The Sunday Telegraph
Rare exhibition of Dutch masters is a study in virtuosity
Making a Mark: Dutch and Flemish Drawings from the Royal Collection Barber Institute of Fine Arts, Birmingham
Who is this kindly old woman with downcast eyes, depicted in a delicate pencil drawing by the 17th-century Dutch artist Cornelis Visscher? Her modest, worn dress, decorated only with a simple bow, suggests that she isn’t well to do. At her temples, tufts of white hair escape from her bonnet, adding to the impression of cashstrapped disarray.
Yet, Visscher has captured her likeness with tremendous sensitivity, cleverly using the veins in his sheet of vellum (prepared calf ’s skin) to evoke every wrinkle. Was she a much loved maidservant? A former wet nurse? Perhaps this isn’t a portrait at all, but a study of a “type”, popular at the time and known as a “tronie”? Sadly, we can’t determine the nature of the artist’s relationship with his subject – except that Visscher, who signed and dated the drawing, was proud of what he had achieved.
There are only 19 Dutch and Flemish drawings, including 15 on loan from the Print Room at Windsor
Castle, in Making a Mark. But each, in various ways, is as absorbing as Visscher’s subtle work. Curated by a group of postgraduate students at the University of Birmingham, the display has a loose tripartite structure, exploring technique, sources of inspiration and studio practice, and the art market of the day.
There are portraits, such as Van Dyck’s likeness of the important patron and mayor of Antwerp, Nicolaas Rockox, who appears a touch haughty and stiff compared with the informality of the artist’s stunning oil painting of a friend playing a bagpipe in the main galleries next door.
There are also landscapes, a study of a fierce stuffed otter and scenes of everyday life. In one, pleasure-seekers play a form of golf on a frozen river. In another wintry vista shimmering with icicles and frost, people chat in groups or zip about on skates; a child tumbles backwards, while dogs in the foreground snarl. A meticulous study of a windmill, executed, peculiarly, on eight adjoined sheets of paper, transports us at once to the Low Countries.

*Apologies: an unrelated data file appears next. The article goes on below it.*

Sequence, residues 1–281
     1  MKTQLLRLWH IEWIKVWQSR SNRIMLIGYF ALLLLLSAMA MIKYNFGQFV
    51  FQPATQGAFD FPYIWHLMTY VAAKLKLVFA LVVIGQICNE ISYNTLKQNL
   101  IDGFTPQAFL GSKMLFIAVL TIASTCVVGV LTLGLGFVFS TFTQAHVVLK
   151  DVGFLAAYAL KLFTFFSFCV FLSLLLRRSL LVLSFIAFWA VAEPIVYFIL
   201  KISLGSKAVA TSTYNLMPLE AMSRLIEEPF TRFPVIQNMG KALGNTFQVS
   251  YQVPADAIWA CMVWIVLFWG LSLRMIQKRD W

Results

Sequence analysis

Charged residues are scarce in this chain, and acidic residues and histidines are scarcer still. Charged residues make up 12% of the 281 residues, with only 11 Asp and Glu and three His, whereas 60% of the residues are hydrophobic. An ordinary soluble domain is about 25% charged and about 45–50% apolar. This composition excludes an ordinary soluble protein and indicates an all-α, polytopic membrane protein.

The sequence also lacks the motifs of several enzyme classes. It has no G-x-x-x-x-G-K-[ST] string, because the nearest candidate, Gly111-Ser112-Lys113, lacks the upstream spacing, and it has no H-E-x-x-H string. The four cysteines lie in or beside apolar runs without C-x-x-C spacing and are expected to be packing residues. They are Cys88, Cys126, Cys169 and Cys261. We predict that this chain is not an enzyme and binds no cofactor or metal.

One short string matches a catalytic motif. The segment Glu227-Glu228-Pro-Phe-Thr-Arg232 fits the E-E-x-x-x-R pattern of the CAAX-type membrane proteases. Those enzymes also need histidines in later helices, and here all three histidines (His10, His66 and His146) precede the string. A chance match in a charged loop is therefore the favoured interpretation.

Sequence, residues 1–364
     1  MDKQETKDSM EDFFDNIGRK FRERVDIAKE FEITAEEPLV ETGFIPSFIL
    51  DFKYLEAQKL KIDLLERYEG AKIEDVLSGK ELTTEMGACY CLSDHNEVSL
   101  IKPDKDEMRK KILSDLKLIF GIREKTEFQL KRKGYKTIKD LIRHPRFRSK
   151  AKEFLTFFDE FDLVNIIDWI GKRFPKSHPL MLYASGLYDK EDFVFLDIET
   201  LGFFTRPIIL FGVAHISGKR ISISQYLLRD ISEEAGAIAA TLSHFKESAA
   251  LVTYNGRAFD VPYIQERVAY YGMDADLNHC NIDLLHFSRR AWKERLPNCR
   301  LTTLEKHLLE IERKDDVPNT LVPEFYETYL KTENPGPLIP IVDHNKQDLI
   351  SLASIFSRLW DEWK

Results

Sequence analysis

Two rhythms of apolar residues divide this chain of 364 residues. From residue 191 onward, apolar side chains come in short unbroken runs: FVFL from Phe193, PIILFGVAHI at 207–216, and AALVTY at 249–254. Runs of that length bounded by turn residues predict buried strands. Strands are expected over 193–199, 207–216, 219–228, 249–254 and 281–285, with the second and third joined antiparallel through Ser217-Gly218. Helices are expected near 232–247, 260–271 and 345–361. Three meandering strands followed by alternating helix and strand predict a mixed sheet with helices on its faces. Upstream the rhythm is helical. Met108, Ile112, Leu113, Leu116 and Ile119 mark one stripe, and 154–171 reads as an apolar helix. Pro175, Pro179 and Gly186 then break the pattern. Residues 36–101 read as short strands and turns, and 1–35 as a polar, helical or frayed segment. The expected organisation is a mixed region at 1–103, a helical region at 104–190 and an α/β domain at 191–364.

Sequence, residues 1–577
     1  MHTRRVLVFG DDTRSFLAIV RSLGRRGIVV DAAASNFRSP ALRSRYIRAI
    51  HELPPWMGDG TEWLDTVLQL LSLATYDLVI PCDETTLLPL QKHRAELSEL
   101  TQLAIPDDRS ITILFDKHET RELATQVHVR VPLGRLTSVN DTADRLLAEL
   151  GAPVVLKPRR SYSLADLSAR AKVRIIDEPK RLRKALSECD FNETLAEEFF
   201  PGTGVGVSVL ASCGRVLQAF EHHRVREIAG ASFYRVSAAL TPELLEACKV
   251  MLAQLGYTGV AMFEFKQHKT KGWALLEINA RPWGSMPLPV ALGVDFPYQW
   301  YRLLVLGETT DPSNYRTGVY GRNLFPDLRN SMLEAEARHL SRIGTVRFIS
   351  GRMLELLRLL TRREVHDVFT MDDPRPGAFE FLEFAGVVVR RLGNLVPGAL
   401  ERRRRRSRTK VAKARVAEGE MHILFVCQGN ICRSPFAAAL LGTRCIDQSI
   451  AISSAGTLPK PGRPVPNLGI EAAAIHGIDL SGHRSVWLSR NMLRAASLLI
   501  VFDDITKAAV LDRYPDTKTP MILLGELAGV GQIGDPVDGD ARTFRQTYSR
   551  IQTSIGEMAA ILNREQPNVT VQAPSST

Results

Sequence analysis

Really, though, this is an opportunity to marvel at artistic
Fifteen of the works are on loan from Windsor Castle
virtuosity. The careful delicacy of Visscher’s portrait contrasts with the confident cross-hatching of Jan Lievens’s nearby pen-and-ink view of a bridge on the outskirts of a village, which feels brilliantly assured and modern. Look closely, and you can spot the artist’s fingerprints.
The Barber’s own sheet of head studies by Rembrandt, produced in the mid-1630s possibly as an exemplar
for his pupils (several of whom are also represented in the show), stands out in this regard: see how he evokes the plumes of the hat worn by the bearded fellow in the middle with just a few swift strokes of brown wash – before, below, switching medium altogether, adding a further study in red chalk.
Not to be outdone, the Royal Collection stumps up a double-sided sheet by Rubens, the recto of which sizzles with tumultuous marks in brown ink, summoning naked nymphs anointing the woozy head of Dionysus’s flabby follower Silenus with mulberries. The sense of Rubens’s brimming imagination is irresistible.
The show’s most winsome piece, though, is another Barber stalwart: a charming little English landscape by Van Dyck. Beyond a clump of trees, their leaves a-flutter, we glimpse the rooftops of a coastal town – probably Rye, in East Sussex – with boats bobbing in the harbour. Did the artist dash this off while waiting to set sail
back to Antwerp? It’s a lovely thought, though impossible to say for sure. What is certain is that he blocked out some of those far-off sails with watercolour before opting, immediately to the right, for just pen and brown ink, for a sparser, more linear effect. This conjures a wonderful sense of tipping and rolling movement, as the vessels seem to voyage off into the distance.
With rich holdings in 17th-century art, the Barber, a sort of miniature National Gallery for the Midlands, is the perfect setting for this sort of show. The only distraction is the incongruous gallery, a former storeroom, where it’s hung: silver ducts sprout from the ceiling, while the walls have been specially painted a “daring” green. Farrow & Ball call it “emerald”, but, really, that’s a euphemism for “bleurgh”.